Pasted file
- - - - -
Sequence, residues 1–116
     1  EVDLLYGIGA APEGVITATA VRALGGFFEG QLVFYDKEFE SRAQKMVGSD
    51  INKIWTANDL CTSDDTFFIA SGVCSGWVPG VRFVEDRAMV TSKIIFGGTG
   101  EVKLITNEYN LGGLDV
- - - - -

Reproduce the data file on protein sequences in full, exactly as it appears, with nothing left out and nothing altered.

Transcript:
Sequence, residues 1–116
     1  EVDLLYGIGA APEGVITATA VRALGGFFEG QLVFYDKEFE SRAQKMVGSD
    51  INKIWTANDL CTSDDTFFIA SGVCSGWVPG VRFVEDRAMV TSKIIFGGTG
   101  EVKLITNEYN LGGLDV